A moment of near-silence

Antonio NunezStudents from all four high schools on East Oakland’s Castlemont campus — Leadership Preparatory, East Oakland School of the Arts, Castlemont Business and Technology School, LPS-College Park — crowded outside the new auditorium this afternoon to honor their classmate Antonio Nunez and all of the other Oakland students who have died violently this year.

By my count, at least seven OUSD students have been fatally shot in 2009 — more, if you include the 15-year-old who had stopped coming to school (in Oakland, anyway) or the 21-year-old adult school student who died over Labor Day weekend.

The student-leaders who organized the event told me that tragedy strikes so often in their lives it’s become almost normal.  “Right here in Oakland, you only last a little while,” said Rogerio Leon, a soft-spoken 17-year-old.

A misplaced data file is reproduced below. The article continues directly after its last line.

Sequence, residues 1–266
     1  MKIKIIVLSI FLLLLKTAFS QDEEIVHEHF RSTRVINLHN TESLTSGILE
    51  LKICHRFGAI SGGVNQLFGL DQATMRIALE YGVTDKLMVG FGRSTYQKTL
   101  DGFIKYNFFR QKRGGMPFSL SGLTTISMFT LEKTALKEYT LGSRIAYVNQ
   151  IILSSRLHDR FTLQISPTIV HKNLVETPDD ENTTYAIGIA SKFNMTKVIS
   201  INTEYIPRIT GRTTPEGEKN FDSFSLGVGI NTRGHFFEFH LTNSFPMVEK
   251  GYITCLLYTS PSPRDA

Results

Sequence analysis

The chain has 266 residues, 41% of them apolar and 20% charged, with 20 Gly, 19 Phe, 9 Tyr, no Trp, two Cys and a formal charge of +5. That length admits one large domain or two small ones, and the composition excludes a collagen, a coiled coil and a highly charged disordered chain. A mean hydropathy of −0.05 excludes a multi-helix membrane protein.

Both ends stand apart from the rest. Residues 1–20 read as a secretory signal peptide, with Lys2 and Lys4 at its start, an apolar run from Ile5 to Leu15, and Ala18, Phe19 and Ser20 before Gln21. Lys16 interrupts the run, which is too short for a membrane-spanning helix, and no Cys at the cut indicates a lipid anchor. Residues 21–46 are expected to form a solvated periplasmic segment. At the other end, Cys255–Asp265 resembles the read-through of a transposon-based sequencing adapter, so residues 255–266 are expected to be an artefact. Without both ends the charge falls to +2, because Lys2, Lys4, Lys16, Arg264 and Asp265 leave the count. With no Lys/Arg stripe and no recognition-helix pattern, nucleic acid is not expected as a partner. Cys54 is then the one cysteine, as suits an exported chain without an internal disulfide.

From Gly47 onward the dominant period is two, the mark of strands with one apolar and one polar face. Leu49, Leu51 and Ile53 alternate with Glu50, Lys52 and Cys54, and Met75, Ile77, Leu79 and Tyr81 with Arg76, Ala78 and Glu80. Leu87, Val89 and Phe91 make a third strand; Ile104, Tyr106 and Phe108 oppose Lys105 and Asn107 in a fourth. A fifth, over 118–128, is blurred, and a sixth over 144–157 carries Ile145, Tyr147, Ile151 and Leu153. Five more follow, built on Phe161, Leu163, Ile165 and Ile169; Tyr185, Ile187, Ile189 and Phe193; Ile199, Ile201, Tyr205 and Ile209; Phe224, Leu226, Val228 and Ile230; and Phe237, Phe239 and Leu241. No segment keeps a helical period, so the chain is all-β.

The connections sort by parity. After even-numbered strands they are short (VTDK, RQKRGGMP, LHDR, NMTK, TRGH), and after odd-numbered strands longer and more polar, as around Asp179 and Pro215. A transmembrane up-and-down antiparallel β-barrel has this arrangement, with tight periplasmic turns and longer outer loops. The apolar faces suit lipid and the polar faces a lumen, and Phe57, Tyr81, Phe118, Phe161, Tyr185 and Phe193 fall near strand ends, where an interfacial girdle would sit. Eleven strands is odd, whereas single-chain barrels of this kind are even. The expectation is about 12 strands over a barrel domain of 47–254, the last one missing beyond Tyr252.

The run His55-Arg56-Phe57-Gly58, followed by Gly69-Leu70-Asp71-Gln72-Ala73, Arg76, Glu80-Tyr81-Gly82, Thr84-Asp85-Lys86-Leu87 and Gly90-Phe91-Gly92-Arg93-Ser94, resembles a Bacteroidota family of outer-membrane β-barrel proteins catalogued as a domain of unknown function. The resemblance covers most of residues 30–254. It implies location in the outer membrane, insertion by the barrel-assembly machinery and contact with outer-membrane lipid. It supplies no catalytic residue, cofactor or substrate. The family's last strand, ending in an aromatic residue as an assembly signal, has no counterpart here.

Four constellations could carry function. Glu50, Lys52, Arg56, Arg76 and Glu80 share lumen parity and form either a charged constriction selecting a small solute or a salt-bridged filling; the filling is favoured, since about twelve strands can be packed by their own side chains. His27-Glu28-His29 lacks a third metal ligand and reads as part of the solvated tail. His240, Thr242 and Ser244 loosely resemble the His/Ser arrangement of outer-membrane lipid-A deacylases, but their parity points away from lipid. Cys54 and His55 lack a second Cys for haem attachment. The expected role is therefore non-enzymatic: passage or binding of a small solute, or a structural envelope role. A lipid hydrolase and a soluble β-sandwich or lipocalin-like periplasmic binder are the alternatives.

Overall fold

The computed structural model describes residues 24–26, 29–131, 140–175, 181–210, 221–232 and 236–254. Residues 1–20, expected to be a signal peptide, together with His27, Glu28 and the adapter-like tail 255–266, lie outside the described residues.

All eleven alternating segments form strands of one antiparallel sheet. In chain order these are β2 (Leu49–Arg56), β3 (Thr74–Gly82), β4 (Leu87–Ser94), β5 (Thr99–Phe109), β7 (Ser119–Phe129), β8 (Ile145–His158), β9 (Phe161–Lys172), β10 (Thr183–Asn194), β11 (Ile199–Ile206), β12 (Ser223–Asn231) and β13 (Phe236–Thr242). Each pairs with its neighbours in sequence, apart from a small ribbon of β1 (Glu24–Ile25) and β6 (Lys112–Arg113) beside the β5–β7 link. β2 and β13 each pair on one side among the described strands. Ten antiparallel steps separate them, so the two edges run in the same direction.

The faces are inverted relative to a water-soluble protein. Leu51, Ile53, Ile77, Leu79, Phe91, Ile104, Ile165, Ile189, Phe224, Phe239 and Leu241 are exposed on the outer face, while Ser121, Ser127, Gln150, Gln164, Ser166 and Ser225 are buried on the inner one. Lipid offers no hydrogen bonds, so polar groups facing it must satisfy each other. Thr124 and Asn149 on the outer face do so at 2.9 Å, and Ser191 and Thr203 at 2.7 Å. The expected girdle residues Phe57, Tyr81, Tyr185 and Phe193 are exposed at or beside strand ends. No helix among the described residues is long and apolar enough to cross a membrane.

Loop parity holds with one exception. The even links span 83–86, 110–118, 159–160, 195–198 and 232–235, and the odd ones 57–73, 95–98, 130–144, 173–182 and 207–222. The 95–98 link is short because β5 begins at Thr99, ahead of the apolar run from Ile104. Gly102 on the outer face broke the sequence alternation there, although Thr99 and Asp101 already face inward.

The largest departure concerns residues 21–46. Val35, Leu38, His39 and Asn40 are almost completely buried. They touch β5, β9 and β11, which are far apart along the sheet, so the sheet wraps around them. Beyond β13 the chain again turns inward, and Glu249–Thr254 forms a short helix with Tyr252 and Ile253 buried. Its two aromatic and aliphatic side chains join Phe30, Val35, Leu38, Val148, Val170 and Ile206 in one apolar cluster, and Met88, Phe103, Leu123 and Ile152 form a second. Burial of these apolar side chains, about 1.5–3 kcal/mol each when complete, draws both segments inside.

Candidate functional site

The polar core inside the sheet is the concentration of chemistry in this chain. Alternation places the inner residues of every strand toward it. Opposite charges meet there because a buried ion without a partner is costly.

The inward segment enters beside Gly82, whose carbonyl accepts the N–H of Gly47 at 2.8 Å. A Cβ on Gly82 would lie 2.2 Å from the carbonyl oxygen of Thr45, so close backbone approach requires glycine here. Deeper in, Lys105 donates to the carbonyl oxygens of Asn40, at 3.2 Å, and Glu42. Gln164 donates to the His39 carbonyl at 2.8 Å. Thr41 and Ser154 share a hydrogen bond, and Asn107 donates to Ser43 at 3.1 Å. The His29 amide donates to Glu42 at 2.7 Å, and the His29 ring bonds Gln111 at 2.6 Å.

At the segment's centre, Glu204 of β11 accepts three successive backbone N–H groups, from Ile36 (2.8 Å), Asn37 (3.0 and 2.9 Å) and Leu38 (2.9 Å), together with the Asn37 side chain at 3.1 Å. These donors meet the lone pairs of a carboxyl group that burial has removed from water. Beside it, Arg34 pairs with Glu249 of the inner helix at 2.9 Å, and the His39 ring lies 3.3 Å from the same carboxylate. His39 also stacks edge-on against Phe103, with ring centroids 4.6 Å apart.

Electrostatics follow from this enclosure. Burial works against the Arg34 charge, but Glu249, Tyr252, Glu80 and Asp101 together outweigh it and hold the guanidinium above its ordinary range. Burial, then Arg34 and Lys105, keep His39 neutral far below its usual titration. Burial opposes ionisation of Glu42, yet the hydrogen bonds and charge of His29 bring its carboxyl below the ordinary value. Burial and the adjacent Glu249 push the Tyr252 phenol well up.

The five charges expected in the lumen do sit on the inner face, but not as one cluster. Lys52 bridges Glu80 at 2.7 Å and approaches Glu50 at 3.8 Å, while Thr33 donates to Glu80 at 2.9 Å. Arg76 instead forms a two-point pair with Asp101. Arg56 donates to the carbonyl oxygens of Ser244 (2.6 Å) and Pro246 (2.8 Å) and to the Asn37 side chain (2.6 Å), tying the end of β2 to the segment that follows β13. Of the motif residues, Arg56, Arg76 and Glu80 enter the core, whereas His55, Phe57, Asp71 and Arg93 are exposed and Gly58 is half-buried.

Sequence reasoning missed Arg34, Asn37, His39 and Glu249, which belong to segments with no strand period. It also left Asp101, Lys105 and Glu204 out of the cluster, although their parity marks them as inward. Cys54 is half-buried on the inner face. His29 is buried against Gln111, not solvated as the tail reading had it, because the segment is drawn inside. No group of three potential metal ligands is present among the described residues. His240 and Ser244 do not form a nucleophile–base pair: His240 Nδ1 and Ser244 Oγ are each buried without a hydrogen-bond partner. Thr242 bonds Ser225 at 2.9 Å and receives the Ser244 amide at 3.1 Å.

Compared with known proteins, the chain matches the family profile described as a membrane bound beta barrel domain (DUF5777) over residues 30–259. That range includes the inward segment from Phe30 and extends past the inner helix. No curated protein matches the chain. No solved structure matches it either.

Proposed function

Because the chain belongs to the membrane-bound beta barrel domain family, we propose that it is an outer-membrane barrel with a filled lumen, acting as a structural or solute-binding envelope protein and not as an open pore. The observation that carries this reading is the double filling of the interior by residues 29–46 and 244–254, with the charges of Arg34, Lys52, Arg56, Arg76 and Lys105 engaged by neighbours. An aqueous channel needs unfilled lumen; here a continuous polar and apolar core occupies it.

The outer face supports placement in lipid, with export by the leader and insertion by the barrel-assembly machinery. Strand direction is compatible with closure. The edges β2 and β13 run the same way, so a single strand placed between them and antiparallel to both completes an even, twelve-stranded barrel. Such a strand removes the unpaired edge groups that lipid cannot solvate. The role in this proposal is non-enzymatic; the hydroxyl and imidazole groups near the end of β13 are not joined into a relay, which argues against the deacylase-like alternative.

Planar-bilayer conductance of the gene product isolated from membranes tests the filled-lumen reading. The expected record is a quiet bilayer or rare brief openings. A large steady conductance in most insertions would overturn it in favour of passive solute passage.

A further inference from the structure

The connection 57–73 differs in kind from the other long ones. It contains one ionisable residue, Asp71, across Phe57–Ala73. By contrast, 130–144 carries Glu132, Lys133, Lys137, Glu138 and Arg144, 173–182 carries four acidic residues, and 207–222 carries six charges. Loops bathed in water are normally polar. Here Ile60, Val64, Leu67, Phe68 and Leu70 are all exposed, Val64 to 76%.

Maybe that’s why the short memorial wasn’t as somber as I had expected. Most of the students were quiet during the moment of silence, but when Rogerio asked everyone to call out the names of people they had lost, some kids started laughing and joking around. A student behind me cried out, “Biggie Smalls!”

Still, Rolando Vazquez, 17, said he felt the Castlemont schools should host these joint events more often, that doing so might bring a sense of calm and provide a release.

Alicia Loera, 14, said she hoped students who were grieving would know they weren’t alone. “We just want to tell people that we’re going through the same things,” she said.

Katy Murphy

Education reporter for the Oakland Tribune. Contact me at kmurphy@bayareanewsgroup.com.

  • http://www.movingforwardeducation.com Lacy Asbill

    Katy, this moment of laughter is an interesting one to think about. We all know that this kind of “fronting” is only a mask for deep and unexplored pain. And yet, how can students really “go there” with their grief and fear when we fail to create a culture of emotional safety in schools? How can we ask our young people to open up to the pain they experience when there isn’t a consistent and intentional support structure to facilitate their emotional understanding and healing?